Tech startups are typically founded by young entrepreneurs with more passion than experience. This is as true in India as it is in Silicon Valley. Then there’s Bigbasket, whose founders are veterans of the dotcom bust and mostly north of 50. Drawing on their successes and failures, they’ve turned their six-year-old startup into India’s biggest e-grocer and are taking on a host of competitors, including Amazon and brick-and-mortar chains operated by the nation’s biggest conglomerates.

Bangalore-based Bigbasket delivers everyday cooking essentials like ghee (clarified butter), diced coconut and fragrant basmati rice, as well as 18,000 other items from bread to laundry detergent to eight million customers in 25 Indian cities. It’s mostly targeting upwardly mobile young Indians keen to avoid traffic and the drudgery of supermarket runs. Last month, Bigbasket raised $300 million in an Alibaba-led round that valued the grocer at $950 million—just shy of unicorn status.

In a country where groceries account for half of the almost $1 trillion retail market, Bigbasket is using knowledge learned the hard way during the dotcom era (don’t expand too quickly or use discounts to acquire shoppers) and latter-day innovation (putting vending machines inside apartment buildings; building a supply chain of competitively priced organic produce).

Founding members of Bigbasket. From left: VS Ramesh, Hari Menon, Vipul Parekh, Abhinay Choudhari and V.S. Sudhakar. Photographer: Samyukta Lakshmi/Bloomberg

“We want customers to get hooked, and make our service harder to replicate,” says Hari Menon, 56, co-founder and chief executive officer. He, along with V.S. Sudhakar (58), Vipul Parekh (53), Abhinay Choudhari (47) and VS Ramesh (62), founded Bigbasket parent Supermarket Grocery Supplies Pvt, in December 2011 in a nondescript building in Bangalore’s humming Indiranagar neighborhood.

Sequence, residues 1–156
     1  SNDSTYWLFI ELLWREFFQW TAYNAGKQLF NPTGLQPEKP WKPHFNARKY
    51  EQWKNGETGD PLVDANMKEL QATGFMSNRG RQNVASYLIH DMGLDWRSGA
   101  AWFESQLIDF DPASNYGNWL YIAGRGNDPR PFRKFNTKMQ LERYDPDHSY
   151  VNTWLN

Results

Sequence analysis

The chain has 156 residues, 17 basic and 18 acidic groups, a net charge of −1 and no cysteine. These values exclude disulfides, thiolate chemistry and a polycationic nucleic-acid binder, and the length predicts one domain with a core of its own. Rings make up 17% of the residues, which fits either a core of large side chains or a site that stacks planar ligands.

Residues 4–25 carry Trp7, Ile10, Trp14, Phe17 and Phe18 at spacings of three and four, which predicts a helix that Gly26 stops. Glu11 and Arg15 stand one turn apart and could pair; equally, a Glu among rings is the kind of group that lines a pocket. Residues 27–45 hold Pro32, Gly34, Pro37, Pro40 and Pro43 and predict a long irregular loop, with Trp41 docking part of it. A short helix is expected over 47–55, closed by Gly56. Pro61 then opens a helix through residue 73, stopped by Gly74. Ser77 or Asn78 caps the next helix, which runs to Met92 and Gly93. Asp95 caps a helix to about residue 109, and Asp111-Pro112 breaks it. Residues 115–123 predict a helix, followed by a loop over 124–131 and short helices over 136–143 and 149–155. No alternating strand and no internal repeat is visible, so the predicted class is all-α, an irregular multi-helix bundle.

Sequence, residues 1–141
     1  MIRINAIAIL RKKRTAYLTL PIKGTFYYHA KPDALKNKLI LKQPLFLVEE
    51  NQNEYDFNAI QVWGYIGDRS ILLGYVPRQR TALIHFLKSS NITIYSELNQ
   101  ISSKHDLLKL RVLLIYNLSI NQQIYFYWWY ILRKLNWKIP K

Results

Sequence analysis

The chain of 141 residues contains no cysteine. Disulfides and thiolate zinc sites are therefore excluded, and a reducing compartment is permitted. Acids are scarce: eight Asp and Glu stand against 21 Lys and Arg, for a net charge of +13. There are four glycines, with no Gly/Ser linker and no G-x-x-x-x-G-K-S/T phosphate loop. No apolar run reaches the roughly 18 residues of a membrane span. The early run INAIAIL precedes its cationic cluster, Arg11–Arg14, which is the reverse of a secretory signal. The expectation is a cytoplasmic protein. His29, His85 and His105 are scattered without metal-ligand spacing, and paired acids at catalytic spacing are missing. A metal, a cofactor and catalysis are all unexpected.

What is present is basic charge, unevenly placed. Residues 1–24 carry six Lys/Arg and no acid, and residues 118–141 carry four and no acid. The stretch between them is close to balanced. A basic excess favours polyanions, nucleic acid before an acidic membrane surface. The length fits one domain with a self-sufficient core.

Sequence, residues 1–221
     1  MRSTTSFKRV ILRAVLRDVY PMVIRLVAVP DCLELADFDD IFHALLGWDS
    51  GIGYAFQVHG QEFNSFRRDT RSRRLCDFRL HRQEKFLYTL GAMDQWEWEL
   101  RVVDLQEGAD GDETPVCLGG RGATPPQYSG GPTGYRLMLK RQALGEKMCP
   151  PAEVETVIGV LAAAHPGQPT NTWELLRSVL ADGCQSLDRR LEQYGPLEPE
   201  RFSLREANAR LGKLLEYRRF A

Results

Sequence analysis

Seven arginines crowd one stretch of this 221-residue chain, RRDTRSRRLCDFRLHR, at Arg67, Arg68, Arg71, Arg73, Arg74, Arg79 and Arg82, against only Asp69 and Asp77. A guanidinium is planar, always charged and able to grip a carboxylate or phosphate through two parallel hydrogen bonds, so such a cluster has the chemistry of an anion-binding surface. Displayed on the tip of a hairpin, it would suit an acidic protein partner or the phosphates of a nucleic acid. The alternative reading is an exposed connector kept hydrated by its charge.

Bigbasket’s founders had their first brush with e-commerce back in 1999 when they started to sell books, toys and groceries online. “Those were the dial-up days, there were no payment gateways, and the internet user base was more hype than reality,” recalls co-founder Sudhakar, standing in a Bigbasket warehouse where women shake soil from mounds of vegetables before packing them into ready-to-ship bundles. “Back then, it’d take 50 seconds for a page to download.”

It didn’t take the men long to realize that the world—let alone India—wasn’t quite ready for online shopping, and they pivoted to physical stores under the name Fabmall. They soon merged with a brick & mortar grocery chain before getting acquired by another conglomerate. By 2006, the founders had sold out and begun angel investing.

In 2011, they were approached to regroup for an online grocery. Plenty of people told them to stay away from perishable produce in a country so obsessed with freshness that shoppers surreptitiously break okra tips and sink their fingernails into cucumbers. The founders pressed on all the same.

But their timing was propitious: smartphones were proliferating, broadband was becoming affordable, and online payments were in place. Even so, when they pitched the concept, venture firms kept bringing up Webvan, the Bay Area e-grocer that famously flamed out in 2001. The founders revised their pitch to make clear that enough had changed to make the venture viable, and eventually persuaded private equity investor Ascent Capital to put up $10 million.

Workers stock shelves at a Bigbasket warehouse in Bengaluru.Photographer: Samyukta Lakshmi/Bloomberg

Delivering fresh food is challenging everywhere, but India presents steeper obstacles. The country lacks a cooling infrastructure—walk-in freezers, chill rooms, refrigerated trucks and so on. That precluded Bigbasket from buying produce directly from farms. So for the first year, every morning at 3:30, the founders visited a riotous wholesale fruits and vegetable market to buy produce, then picked up other items from a wholesaler. Eventually, Bigbasket…